Donald Trump, with his usual contempt for customs and civilities his billions can’t buy, blustered the other day that Hillary Clinton shouldn’t have been given a ride to a Charlotte political rally on Air Force One, “that big American plane,” as he called it. Never mind that President Obama, campaigning with her, needs the electronics and other facilities; and never mind that political campaigns usually pay a pro-rated share for political flights. But when has Trump refrained from sounding off in ignorance?
Trump’s bluster did remind me, however, that I once took a free ride on Air Force One. President and Mrs. Clinton invited me to attend a college basketball game in Charlotte. They would be returning from the West Coast, but if I could get to the game on my own they would take me back to Washington on Air Force One.
Who could resist?
As I was renting a car for my one-way trip to Charlotte, it occurred to me that the thing might be a hoax by my friend Willie Morris. I dialed the contact in Charlotte. It was very early. A foggy voice, awakened from sound sleep, came on the line. I was embarrassed to reveal why I’d called – so I asked, innocently, where I was supposed to meet the presidential party. The sleepy voice answered politely, and I set out.
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It was a game involving Bill Clinton’s beloved Arkansas Razorbacks and, for me, entirely forgettable – but not my appearance on television at a Saturday NCAA game with the Leader of the Free World. The cameras showed me with Clinton and others, including Harvey Gantt, who was running against Jesse Helms for the U.S. Senate. Back home, the phone began to ring. “Your appearance with Clinton,” said a friend in Lexington, Virginia, where I was teaching, “was bigger Palm Sunday news at Robert E. Lee Church than Our Lord’s ride into Jerusalem.” “You looked properly worshipful,” teased an old friend in New York.
But back to Air Force One.
There are two entries, front and back, and I was politely told, as I took the front steps, that only the president enters that way. Thus admonished, I took the back steps and seated myself with other steerage passengers. Bill Clinton, passing by, spotted me. “Come on up front,” he said, “and sit with Hillary and me.” (Taxpayers will be pleased to hear that the presidential cabin is – or was then – austere and unadorned.)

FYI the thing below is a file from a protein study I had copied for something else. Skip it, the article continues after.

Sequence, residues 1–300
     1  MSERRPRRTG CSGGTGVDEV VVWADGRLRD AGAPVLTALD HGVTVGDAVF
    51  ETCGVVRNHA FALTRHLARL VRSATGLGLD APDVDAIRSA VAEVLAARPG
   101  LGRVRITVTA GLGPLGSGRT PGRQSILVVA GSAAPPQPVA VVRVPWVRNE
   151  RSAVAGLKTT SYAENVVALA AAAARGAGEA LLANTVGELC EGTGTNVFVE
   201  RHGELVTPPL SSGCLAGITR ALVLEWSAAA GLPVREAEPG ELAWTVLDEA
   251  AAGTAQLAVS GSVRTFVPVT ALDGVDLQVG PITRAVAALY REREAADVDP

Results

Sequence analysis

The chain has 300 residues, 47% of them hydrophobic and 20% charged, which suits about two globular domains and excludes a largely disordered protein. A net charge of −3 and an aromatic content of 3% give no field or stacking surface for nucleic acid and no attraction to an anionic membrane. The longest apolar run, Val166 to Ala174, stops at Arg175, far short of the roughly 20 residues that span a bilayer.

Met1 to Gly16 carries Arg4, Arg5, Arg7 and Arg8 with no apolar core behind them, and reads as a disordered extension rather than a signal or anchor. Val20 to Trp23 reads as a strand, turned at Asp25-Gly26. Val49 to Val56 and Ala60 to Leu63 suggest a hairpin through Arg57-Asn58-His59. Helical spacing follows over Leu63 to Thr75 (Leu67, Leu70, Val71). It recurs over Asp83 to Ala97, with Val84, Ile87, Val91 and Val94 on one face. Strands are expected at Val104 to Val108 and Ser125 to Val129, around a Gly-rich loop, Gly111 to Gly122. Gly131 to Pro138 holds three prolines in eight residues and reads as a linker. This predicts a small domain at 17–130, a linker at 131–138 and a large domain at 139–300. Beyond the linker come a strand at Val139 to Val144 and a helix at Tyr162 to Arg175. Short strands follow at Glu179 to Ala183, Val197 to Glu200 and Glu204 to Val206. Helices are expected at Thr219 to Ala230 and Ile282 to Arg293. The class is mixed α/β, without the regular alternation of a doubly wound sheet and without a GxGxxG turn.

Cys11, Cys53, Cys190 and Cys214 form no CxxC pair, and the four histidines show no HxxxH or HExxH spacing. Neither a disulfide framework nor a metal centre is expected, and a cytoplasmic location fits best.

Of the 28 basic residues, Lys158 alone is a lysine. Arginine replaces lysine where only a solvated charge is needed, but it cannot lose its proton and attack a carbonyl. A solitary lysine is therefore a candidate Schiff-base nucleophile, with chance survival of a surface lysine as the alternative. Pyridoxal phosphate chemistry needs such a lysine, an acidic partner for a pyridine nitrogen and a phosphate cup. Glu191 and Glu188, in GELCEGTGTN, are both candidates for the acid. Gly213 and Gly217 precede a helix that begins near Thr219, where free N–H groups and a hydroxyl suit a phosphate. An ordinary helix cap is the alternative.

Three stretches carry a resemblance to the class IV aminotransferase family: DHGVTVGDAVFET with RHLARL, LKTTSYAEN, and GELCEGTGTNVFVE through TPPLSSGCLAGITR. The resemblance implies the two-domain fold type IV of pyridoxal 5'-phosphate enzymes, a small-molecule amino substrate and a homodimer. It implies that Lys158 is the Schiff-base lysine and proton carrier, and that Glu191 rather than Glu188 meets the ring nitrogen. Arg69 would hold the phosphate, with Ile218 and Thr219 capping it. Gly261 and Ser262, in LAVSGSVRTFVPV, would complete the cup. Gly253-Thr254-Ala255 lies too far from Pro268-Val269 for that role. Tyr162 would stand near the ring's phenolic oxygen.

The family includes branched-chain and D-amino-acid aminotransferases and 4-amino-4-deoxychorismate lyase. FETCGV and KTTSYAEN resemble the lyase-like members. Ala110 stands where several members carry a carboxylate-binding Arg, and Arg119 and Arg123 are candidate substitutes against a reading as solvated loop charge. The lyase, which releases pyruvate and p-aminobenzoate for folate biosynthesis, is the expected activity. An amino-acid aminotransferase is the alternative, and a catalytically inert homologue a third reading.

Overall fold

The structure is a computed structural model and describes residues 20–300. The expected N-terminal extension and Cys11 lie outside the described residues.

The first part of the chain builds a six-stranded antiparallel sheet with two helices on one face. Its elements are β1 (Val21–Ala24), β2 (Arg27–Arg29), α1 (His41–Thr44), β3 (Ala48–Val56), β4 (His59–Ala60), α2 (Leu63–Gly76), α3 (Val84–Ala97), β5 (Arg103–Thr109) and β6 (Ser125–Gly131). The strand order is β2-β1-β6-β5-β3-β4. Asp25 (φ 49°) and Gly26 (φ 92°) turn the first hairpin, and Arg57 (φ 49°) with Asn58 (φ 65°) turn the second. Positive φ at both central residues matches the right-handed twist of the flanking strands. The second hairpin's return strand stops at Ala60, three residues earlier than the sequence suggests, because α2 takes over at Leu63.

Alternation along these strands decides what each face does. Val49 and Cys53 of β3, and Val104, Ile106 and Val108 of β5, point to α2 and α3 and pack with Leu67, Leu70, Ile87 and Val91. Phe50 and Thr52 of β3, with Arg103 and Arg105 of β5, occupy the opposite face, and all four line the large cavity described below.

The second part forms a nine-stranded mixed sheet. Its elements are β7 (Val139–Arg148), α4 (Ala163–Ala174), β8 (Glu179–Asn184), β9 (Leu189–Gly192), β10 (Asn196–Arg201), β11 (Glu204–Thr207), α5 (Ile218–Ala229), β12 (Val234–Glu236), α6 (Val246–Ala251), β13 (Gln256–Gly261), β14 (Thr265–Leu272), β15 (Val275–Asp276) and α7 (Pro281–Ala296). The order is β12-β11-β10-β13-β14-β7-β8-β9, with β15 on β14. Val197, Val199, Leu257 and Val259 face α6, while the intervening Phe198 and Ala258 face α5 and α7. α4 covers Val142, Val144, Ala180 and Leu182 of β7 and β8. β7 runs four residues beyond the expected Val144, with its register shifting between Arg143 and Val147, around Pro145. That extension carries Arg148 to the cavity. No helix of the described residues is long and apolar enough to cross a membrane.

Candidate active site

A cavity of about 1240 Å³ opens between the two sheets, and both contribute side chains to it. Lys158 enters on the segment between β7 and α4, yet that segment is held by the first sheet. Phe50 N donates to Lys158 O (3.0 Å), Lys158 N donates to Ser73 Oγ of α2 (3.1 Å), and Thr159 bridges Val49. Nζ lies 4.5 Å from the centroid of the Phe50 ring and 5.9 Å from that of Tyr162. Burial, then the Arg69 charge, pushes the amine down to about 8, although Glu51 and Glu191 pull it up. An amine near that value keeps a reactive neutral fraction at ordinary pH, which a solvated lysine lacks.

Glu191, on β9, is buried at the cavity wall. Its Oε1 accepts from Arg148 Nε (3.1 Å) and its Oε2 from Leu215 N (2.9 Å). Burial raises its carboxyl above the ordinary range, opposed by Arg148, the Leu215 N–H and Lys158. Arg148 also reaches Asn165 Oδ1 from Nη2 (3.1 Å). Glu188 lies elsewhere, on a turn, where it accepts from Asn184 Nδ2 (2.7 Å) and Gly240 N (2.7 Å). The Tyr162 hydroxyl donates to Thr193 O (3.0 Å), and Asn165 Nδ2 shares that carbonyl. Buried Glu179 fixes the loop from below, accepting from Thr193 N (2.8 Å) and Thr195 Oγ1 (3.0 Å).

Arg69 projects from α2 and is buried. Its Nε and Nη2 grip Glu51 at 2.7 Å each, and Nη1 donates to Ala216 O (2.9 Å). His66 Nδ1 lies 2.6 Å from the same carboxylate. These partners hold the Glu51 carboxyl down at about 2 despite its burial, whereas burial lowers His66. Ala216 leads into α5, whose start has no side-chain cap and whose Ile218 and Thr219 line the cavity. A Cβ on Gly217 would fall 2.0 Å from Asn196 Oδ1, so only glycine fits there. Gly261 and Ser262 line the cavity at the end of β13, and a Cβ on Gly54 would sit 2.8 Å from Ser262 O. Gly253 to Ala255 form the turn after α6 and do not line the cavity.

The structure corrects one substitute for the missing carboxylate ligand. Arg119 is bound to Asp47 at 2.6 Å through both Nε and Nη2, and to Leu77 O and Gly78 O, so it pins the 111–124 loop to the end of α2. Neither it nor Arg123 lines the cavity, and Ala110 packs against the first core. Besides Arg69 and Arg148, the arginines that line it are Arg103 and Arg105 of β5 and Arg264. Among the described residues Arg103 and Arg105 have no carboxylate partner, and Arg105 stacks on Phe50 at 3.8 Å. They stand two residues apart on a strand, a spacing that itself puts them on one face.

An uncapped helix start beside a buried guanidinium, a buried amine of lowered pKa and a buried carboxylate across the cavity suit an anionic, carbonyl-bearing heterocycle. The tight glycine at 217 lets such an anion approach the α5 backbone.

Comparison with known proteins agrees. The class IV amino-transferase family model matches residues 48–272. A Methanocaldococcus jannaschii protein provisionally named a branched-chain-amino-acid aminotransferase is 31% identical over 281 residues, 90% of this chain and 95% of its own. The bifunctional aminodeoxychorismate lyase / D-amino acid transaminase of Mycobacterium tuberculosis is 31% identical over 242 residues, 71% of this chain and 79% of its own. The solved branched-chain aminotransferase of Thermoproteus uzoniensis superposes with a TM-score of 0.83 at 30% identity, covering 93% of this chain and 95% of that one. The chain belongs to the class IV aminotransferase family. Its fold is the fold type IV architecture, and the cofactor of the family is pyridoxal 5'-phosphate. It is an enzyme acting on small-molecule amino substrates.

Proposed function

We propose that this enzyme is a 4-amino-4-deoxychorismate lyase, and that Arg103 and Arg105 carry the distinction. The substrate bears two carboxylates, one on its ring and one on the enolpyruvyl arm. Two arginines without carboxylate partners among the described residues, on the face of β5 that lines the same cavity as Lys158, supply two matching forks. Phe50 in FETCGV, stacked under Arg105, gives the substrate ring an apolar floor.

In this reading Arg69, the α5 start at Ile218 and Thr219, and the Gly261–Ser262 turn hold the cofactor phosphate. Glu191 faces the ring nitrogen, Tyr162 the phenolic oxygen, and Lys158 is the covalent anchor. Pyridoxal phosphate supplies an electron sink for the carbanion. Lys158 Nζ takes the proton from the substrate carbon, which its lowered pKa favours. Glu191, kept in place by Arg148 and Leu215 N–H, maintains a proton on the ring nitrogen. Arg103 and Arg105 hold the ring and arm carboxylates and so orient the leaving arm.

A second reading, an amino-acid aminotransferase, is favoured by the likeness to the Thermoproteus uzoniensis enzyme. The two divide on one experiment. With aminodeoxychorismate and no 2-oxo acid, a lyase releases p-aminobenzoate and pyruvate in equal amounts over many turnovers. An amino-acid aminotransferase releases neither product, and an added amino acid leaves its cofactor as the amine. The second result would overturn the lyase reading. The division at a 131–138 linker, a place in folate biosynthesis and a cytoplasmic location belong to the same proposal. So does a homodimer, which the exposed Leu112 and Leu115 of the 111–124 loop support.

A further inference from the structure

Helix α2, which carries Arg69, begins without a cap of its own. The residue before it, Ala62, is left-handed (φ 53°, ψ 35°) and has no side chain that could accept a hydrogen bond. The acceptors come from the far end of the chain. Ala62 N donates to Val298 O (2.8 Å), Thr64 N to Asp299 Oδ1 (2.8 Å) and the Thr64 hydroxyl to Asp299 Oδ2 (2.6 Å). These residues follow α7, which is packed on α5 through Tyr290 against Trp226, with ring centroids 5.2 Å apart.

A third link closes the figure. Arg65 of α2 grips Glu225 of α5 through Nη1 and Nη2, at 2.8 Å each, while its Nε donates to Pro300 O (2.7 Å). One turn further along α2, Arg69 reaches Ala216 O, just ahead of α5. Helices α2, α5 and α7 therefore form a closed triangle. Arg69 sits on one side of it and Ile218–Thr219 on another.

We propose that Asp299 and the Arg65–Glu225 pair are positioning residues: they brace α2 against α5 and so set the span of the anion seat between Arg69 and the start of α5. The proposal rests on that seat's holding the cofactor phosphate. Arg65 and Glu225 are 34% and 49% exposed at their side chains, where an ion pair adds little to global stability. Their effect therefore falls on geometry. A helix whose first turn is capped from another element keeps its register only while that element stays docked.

The ride from Charlotte to Andrews Air Force Base, where Air Force One comes and goes and is parked when not in use, lasted 40 minutes. As we took off, the president, no admirer of the privileges assumed by Washington “investigative” reporters (and with good reason, as it later developed), said: “Ed, please explain to me how the Washington press works.”
“Mr. President...” I began, whereupon he talked for 40 minutes about the press. His assessment was not flattering. As we landed and said our good-byes, I offered to send him a memo. I can’t recall it verbatim, but my usual theme was and is that it is pointless for public officials to fret about reporters. They are bred to hunt, like bird dogs. As well try to discourage a pointer at a quail covey as try to discourage reporters’ tendency to stick their noses into official matters, sometimes with embarrassing results. (The recent to-do about Hillary Clinton’s emails is an example. Maybe she was indiscreet, but too few know that the real scandal is pointless secrecy, in which millions of items are “classified,” greatly extending the reportorial hunting ground and trivializing the entire practice.) I never heard more of my memo. No doubt it reposes in well-deserved obscurity in the Clinton Library in Little Rock.
As for my single ride on the “big American plane,” I never received a bill. I should add that journalistic colleagues of a more detached bent frown on the kind of personal relationship I had, as a working columnist, with Bill Clinton and others, notably including Justice Lewis Powell and the excellent Sens. Sam Nunn and Pat Moynihan. My mentor on this issue was the great James (Scotty) Reston of the New York Times, who considered it a good idea for the press to know public figures as human beings and handle their human foibles with at least minimal sympathy.
They still do so in London but not, alas, in Washington, D.C., which grows more acidic and inhuman by the hour.
Contributing columnist Edwin M. Yoder of Chapel Hill is a former editor and columnist in Washington.